Rhythm
Low Ready
Fire 6 rounds at one target; no more than 0.6 second between each shot.
3 Seconds Total
3.00 3.31 30 Fail
One Shot, speed reload, one shot (twice).
Low Ready
3.25 Seconds
6.5 Seconds Total
3.25 3.85 10 Fail
3.25 4.25 10 Fail
One Round each at two targets three yards apart (twice).
Low Ready
1.65 Seconds
3.3 Seconds Total
1.65 1.26 5 (1M)

Pass

1.65 1.35 4 Pass
180° pivot. One round each at three targets (twice). Turn left, then right.
Low Ready.
3.5 Seconds.
7.0 Seconds Total
3.50 2.84 7 (1M) Pass
3.50 4.88 9 Fail
One Round, slide locks back; drop to one knee; reload; fire one round. (twice).
4.0 Seconds
8.0 Seconds Total
4.00 5.25 10 Fail
4.00 4.25 10 Fail
Results     112 Fail

A Few Thoughts:

Fail. Again. 

The Tactical Blackberry Case worked in that all my reloads were consistent, but it still wasn’t fast enough to make par. Looks like an IWB mag pouch or the like would be better. 

I had a hard time getting the P07 on-target: My first-shot times from low ready were close to a second at times, which indicates that a) I need to practice with this gun more and b) a new front sight might not be a bad investment. 

More …

Ninth Report

I did it. 

No, not classify as C Class yet (that will have to wait for next month), but rather, I finally shot a perfect Dot Torture Drill. 

Dot Torture Drill: 50/50

TA DA!

If a shot touches the line on an USPSA or IDPA target, it counts, and that’s what I’m going with here unless someone tells me differently. And look at the difference a year of semi-regular practice makes!

First take

Now that I’m shot it clean, it’s time to shoot it clean again. And then again. And then move the target out to 5 yards, lather, rinse, repeat. And the hits just keep a-comin’…

El Presidenté 

Gun: CZ 75 1st Run 2nd Run 3rd Run
Target One 2A 2C 3A C A 2C D
Target Two A 3C A 3C A 3C
Target Three 3A D 3A D 3A C

Time 8.04 7.30 10.54
A’s 6 8 5
B’s
C’s 5 3 6
D’s 1 1 1
M’s
Points 46 50 44
Score 5.72 6.85 4.17
Draw 1.81 1.72 2.01
Reload 2.43 2.15 2.89
Avg. Split 0.38 0.34 0.48

Yep, my all-time best score, fastest draw and fastest average split on the El Presidenté. 

What made the difference between my quasi-sucky last outing and this outing? Two things: 

  1. Practicing with a .22 every week. Well, at least until my .22 broke, that is. I knew that target transitions, weak hand only and strong hand only shooting were issues, so I practiced shooting those at Caswell’s during the week. 
  2. Dry fire. I’d been neglecting dry-fire practice over the past few months, so I made it a point to get in at least 15 minutes of dry fire each night, and it made a difference. 

Now, on to C Class! 

More …

A New National Match

Looks like the NRA wants to jump on board the 3 gun bandwagon

“Here is our guide for the inaugural National Defense Match, debuting at the National Championships in Camp Perry this year during the High Power Rifle Competition. This is a standalone championship, and the Course of Fire utilized in the match is one we hope that clubs across the country will utilize once they see how exciting it can be. What sets apart this match from other NRA Competitive Shooting disciplines is the fact that it is designed to mimic real-life training and tactics. Rifles must be on your person and slung round your shoulder when not in use … just like our Armed Forces stationed across the world are required to do.”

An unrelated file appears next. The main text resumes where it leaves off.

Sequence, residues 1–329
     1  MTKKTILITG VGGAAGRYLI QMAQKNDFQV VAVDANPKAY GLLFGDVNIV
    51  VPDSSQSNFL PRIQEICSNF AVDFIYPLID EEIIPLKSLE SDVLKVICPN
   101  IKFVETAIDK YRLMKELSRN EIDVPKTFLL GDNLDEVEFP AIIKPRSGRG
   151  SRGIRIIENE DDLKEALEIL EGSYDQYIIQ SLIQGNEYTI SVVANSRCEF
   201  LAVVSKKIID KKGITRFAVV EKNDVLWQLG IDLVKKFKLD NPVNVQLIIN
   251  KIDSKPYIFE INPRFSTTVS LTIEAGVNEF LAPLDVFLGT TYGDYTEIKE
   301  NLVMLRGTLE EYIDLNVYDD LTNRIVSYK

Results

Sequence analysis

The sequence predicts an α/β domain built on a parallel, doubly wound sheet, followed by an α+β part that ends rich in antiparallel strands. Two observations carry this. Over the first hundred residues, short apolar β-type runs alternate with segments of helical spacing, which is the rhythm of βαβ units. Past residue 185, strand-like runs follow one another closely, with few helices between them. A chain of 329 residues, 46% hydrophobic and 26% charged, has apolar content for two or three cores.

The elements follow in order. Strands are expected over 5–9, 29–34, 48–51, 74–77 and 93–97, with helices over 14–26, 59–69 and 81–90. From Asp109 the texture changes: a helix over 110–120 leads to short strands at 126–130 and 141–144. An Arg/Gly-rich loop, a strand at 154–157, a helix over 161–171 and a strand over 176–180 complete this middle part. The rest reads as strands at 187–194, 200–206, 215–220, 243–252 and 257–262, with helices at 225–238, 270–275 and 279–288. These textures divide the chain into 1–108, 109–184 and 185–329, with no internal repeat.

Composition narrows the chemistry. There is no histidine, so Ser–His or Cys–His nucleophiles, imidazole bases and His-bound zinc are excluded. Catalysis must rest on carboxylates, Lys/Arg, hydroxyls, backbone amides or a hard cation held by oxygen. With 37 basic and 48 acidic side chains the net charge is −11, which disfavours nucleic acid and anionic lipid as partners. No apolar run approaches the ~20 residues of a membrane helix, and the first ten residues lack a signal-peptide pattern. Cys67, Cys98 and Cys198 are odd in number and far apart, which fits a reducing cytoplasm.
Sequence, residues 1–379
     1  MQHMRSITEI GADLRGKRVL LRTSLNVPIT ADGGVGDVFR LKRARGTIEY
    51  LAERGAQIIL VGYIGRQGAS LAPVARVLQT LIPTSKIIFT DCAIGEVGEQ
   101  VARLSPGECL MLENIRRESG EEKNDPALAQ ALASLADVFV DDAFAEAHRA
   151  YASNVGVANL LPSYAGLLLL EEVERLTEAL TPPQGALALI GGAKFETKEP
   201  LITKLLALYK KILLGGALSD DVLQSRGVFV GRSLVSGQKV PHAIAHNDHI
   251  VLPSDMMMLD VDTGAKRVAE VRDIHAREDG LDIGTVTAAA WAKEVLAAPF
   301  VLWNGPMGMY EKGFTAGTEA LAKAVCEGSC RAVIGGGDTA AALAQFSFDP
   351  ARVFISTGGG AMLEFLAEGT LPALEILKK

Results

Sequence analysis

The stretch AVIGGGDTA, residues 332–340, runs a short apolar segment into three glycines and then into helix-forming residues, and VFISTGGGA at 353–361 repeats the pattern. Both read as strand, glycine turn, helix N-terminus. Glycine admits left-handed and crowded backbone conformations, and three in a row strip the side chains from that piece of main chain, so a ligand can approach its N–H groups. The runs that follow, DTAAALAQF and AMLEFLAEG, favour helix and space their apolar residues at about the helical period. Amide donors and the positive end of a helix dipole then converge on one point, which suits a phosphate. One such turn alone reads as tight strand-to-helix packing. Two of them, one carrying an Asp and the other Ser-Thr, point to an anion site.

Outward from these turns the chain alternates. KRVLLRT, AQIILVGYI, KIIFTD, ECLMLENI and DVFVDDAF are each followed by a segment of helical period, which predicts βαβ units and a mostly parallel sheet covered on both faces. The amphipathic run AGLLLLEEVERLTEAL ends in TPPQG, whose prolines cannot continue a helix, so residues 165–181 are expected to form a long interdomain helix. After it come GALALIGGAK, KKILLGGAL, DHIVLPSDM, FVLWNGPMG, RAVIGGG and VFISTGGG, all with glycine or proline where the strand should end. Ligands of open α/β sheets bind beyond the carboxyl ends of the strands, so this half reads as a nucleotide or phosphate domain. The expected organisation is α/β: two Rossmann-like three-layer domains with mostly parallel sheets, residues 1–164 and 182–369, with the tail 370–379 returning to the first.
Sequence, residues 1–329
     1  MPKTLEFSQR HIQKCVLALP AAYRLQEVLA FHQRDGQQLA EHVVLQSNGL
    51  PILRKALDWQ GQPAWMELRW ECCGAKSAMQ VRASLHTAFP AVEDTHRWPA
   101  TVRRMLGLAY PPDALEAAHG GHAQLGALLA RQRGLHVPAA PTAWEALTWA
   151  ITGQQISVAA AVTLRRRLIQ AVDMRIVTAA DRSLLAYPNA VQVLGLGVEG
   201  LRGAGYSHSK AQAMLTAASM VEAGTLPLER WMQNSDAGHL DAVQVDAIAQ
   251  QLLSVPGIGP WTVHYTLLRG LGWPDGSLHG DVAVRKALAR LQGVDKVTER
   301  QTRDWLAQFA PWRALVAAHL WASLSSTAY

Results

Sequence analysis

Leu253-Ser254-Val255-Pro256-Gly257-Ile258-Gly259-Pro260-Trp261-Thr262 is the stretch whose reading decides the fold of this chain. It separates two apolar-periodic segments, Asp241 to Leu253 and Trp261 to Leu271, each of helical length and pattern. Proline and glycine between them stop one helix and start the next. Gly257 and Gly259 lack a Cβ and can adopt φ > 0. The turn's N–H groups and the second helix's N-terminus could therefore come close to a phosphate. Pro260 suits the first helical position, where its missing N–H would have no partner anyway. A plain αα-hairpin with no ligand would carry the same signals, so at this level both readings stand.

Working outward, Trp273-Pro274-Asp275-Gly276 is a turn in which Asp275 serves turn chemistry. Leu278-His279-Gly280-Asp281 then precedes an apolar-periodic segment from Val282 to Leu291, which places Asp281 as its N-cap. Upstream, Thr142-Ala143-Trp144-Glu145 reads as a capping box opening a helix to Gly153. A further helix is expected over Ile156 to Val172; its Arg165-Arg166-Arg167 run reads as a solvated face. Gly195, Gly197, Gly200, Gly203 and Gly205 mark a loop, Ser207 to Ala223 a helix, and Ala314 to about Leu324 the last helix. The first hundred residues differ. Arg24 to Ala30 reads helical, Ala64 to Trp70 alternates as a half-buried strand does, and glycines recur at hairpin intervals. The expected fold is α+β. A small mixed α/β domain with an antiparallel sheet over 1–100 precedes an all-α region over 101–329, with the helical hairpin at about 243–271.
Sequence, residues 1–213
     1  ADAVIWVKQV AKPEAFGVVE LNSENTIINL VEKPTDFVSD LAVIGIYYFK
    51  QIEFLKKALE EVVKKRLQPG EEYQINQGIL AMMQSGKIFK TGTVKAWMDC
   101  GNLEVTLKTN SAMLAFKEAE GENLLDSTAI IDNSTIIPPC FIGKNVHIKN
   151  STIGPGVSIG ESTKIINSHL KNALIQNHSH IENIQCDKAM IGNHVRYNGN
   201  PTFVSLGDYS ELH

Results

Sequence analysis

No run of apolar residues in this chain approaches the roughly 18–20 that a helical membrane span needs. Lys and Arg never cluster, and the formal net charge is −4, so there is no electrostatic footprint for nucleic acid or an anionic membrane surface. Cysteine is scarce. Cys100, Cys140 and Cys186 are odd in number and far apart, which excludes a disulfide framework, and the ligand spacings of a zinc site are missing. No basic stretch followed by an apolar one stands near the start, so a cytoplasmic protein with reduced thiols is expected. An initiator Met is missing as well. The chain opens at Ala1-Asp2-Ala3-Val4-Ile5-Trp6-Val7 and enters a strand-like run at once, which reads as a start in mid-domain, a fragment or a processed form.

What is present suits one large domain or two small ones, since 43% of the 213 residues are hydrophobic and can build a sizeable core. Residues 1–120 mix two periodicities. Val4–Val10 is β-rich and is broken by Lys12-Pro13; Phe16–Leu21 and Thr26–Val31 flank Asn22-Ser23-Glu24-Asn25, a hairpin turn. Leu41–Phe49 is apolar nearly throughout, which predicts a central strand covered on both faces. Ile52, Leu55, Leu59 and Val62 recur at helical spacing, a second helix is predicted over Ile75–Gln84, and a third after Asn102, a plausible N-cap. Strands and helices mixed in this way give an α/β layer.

And the rulebook is 8 (count ‘em!) pages long, which is a nice change from the IDPA and USPSA DungeonMaster’s Guides rulebooks. 

Some high points from the rulebook FAQ: 

  • The majority of the Course of Fire for the National Defense Match takes places at short ranges, closely mimicking real world scenarios.  
  • A 500 yard range is NOT required to run a NDM match. For instance to run a NDM out to 100 yards just use the COF of 7, 15, 30, 60 and 100 yards. If you have a 500 yard range then shoot the COF out to the distance you feel applicable to your competitor base. 
  • A no muzzling/sweeping policy will always be in effect, and empty chamber indicators are required.  
  • The target NDM 5-120 is used at 7, 15, and 30 yards then switch to a full sized NRA D-1 tombstone (or equivalent) for 60 yards or more. 
  • The only other equipment needed is a shot timer, target stands and a barricade. The target stands and barricade are easily made from materials available through your local hardware store.  See Figure 1. 
  • The point of this match is readiness and with that theme this match will be administered differently than other matches currently running. 

I love the Rifle/Shotgun matches at Rio, but they take up most of a Saturday. This looks like a quick, cheap and easy-to-run alternative to a bigger, more complicated match. Here’s hoping this match soon shows up at a range near you.

More …

This is my rifle, this is my gun. Oh wait, no, it ain’t either of those.

My 14 year old nephew has an extensive airsoft collection including several replica M4 carbines. According to one local police department, he’s a criminal who is just WAITING to commit robbery.

AVONDALE, AZ – Avondale police officers are concerned over the amount of replica military assault guns now being used by children and criminals.

Officers seized 25 military assault-looking rifles, some fake and some airsoft, being used in home invasions, armed robberies, threats and intimidations, police said.

The seizure was part of an undercover operation with the Avondale Police Department’s Street Crimes Unit.

Ok, got that “children and criminals” part? The guns LOOK like real guns (well, aside from the fact that they’re the wrong caliber. Oh, and made of plastic.), so therefore, we have to seize them. It’s for the children, after all.

What’s next, seizure of fake VW-based Ferarris and Rolls-Royces? I mean, they LOOK just like a real Phantom or 308GTS, right (well, aside from the wheelbase, trim, engine noise, styling, interior, etc.), so they have to actually BE the real thing and not a harmless, cheap wannabe luxury car.

We need to shut down the kit car industry right away. Please, won’t somebody think of the children?